“The promise of building wealth, not just for the participants but their children and future generations, highlights that scammers don’t just rely on get-rich-quick pitches,” said Samuel Levine, director of the FTC’s Bureau of Consumer Protection. “They can and will play on seemingly noble goals in an effort to convince consumers to hand over their hard-earned money.”

Why knowing how to spot a scam doesn’t always protect you

During the height of the coronavirus pandemic, when many people were struggling, I was getting calls, emails and text messages almost weekly from church members, friends and relatives asking me to vet investment offers they were receiving from seemingly erstwhile Black promoters.

Some were pushing “sou-sou” scams, a version of the chain-letter pyramid con in which people are recruited and then encouraged to bring in others with assurances that they can all make three-digit returns in a matter of weeks.

Sou-sou scams misappropriate a legitimate savings strategy that has its roots in Caribbean and West African communities. There’s no wealth-building, only the shifting of money from recruits to people who got in early. Eventually, the enterprise collapses when not enough people can be recruited to keep the scheme going.

A real sou-sou involves a small group of people who all know one another or members of a family who pool their money in an informal savings club. Participants agree to contribute a set amount of money on a weekly or monthly basis and take turns getting a payout. Eventually, everyone gets back only what they put into the sou-sou. There’s no interest or profit guaranteed.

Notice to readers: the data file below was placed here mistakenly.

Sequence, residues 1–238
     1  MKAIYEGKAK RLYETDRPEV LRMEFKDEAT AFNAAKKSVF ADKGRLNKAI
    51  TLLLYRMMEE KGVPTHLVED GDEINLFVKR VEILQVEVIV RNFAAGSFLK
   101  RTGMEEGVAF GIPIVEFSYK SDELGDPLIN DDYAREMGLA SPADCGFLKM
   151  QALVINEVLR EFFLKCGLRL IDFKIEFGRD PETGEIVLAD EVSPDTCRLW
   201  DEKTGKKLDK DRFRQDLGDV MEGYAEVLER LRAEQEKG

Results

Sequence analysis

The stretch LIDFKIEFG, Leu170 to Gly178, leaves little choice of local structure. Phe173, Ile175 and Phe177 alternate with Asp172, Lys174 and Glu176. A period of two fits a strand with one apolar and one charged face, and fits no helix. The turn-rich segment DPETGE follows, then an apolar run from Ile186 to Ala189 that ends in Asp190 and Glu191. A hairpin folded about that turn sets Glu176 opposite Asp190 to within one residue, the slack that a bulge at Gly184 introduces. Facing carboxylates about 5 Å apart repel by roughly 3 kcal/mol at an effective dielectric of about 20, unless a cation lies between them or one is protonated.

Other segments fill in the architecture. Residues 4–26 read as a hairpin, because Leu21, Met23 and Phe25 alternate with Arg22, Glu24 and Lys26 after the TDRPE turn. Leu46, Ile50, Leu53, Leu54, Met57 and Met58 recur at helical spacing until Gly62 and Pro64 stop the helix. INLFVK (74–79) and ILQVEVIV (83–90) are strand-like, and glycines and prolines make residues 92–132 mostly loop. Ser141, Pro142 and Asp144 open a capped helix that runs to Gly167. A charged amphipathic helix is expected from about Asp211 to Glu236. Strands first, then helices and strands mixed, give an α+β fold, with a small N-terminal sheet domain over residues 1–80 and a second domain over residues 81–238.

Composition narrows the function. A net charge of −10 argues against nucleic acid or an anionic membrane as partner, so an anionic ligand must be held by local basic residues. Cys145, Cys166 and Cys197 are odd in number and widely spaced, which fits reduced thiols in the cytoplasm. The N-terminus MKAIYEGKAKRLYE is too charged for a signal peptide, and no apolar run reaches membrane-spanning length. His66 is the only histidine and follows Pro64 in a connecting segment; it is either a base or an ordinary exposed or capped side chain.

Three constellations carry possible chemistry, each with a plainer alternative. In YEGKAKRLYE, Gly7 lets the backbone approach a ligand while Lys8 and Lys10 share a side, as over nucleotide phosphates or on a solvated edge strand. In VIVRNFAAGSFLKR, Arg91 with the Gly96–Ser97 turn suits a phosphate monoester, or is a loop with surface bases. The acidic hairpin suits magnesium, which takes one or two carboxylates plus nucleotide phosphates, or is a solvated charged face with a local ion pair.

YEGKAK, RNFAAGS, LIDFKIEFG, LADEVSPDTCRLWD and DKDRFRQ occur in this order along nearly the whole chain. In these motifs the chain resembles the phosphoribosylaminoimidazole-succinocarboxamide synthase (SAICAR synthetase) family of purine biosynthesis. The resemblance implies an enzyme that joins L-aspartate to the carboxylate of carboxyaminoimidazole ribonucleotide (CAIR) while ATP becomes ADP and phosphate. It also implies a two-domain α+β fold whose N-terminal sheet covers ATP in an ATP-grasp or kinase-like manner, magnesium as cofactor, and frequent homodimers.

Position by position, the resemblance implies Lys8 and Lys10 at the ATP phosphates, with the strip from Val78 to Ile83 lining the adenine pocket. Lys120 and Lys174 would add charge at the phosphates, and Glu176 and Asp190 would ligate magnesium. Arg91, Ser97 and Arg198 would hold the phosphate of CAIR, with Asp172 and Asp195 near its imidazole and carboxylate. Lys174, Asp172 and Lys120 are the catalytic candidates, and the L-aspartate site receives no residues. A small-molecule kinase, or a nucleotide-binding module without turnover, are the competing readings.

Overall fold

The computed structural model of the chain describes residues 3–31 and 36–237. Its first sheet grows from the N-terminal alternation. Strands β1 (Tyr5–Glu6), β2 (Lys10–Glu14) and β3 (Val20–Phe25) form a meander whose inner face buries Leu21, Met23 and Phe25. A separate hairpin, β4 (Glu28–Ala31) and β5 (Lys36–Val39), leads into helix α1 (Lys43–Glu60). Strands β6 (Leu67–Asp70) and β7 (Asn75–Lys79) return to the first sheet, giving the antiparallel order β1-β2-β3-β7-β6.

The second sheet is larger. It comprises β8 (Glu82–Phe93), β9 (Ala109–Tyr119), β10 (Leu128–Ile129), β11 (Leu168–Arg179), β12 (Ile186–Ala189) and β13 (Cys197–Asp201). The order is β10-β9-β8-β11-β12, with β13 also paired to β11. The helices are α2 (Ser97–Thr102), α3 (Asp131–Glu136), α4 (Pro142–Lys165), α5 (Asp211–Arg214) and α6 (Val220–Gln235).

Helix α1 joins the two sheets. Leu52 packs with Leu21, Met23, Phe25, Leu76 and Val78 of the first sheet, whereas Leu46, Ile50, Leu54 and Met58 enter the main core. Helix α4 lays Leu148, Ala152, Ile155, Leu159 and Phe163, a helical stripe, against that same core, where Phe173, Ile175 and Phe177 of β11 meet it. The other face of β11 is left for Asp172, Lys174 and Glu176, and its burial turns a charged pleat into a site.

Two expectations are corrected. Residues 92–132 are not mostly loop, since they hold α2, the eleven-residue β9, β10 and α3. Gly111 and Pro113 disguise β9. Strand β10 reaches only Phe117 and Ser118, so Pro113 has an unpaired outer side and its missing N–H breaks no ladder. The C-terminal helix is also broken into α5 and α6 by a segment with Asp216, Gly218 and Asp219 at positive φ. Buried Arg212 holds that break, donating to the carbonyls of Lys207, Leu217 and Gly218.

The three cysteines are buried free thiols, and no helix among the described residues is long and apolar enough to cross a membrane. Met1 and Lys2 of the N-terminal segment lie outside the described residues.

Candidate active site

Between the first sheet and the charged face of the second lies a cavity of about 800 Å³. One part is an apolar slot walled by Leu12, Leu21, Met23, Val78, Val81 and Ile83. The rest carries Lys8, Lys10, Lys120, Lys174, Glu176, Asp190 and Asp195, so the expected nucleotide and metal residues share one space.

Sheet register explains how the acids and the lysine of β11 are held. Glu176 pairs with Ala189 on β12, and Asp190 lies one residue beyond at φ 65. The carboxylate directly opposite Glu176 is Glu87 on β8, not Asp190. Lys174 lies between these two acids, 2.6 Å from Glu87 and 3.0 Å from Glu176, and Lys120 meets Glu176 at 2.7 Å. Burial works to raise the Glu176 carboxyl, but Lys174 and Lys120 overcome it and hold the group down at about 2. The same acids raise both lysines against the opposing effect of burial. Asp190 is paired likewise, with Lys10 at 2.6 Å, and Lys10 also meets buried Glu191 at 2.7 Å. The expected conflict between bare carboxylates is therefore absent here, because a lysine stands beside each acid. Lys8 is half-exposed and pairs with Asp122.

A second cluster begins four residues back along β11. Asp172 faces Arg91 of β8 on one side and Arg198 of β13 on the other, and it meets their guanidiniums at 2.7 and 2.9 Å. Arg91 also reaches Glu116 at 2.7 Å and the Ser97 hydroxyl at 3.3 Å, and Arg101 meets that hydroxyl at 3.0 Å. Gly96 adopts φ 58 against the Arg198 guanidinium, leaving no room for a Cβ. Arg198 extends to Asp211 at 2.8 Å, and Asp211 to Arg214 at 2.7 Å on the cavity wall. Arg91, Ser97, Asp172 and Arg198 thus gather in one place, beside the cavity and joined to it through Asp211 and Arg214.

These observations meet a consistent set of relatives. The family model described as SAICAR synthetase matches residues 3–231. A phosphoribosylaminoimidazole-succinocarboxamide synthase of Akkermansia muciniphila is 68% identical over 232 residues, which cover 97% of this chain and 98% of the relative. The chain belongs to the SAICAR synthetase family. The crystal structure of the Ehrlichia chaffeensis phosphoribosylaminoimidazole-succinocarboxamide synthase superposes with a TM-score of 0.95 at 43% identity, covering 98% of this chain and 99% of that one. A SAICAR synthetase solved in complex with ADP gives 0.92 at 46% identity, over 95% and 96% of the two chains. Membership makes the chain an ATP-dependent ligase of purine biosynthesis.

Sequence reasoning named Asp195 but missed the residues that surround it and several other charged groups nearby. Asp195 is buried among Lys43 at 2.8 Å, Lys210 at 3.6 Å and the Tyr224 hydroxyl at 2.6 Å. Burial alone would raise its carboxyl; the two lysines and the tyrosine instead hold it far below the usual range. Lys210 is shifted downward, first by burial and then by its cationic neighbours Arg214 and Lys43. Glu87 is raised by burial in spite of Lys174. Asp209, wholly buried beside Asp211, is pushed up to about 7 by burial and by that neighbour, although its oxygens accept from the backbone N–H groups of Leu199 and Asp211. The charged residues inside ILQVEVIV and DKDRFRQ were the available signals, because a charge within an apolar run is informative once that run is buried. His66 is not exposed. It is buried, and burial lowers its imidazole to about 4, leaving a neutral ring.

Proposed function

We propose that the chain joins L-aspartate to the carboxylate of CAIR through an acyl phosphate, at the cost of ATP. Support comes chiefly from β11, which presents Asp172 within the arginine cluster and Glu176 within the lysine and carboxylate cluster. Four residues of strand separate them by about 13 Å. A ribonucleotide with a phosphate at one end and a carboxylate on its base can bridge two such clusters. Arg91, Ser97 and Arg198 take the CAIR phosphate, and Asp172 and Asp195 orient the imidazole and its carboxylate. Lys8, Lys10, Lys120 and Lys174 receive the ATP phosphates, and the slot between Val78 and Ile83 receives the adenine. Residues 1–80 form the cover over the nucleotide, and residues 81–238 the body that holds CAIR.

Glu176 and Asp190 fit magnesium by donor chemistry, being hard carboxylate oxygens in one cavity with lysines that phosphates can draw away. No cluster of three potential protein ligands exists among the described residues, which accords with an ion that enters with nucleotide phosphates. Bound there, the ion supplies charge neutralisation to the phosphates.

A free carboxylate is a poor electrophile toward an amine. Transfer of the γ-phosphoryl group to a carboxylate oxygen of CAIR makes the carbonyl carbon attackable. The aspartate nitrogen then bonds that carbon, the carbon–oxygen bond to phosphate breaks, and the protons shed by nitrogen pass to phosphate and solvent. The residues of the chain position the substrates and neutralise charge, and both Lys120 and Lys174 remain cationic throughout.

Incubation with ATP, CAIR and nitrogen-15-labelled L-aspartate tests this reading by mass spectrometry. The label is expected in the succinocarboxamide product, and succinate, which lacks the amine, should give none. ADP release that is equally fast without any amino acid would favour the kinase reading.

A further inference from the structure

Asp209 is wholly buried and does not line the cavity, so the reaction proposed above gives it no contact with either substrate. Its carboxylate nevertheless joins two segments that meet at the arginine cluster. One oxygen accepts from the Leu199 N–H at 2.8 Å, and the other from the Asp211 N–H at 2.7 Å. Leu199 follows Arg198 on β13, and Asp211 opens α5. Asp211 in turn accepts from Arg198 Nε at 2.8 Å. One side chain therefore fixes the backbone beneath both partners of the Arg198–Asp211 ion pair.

Affinity fraud is particularly despicable because it takes advantage of a trusted relationship. It’s a betrayal at a level that can be devastating.

“We’re going to make sure that y’all get blessed. Just trust us,” Marlon Moore said in a recorded presentation to BINT members.

If you want more personal finance advice that’s timeless, order your copy of Michelle Singletary’s Money Milestones.

People are always asking me how folks fall for these cons. That’s the wrong question, because it essentially blames the victim.

Our focus should stay on these scammers and how to protect people from falling for their deceptive investment programs.

People get conned for different reasons, some because they are being greedy but more often because of desperation. Or they naively believe they can get outrageous returns in a short amount of time.

Consumers lost almost $8.8 billion to fraud last year, up more than 30 percent from a year earlier, according to the FTC.

In 2022, consumers reported losing more money to investment fraud, nearly $3.8 billion, than to any other scam category. That figure is more than twice the losses reported in 2021, the FTC said.

“Scams built to take advantage of people’s tightknit connections and trust with family and friends can be incredibly damaging,” Levine said. “It’s why this case was so important to bring and why we’re pleased we were able to put this scam to a stop.”

B.O.M. — The best of Michelle Singletary on personal finance

If you have a personal finance question for Washington Post columnist Michelle Singletary, please call 1-855-ASK-POST (1-855-275-7678).

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Money moves for life: For a more sweeping overview of Michelle’s timeless money advice, see Michelle Singletary’s Money Milestones. The interactive package offers guidance for every life stage, whether you’re just starting out in your career to living an abundant life in retirement.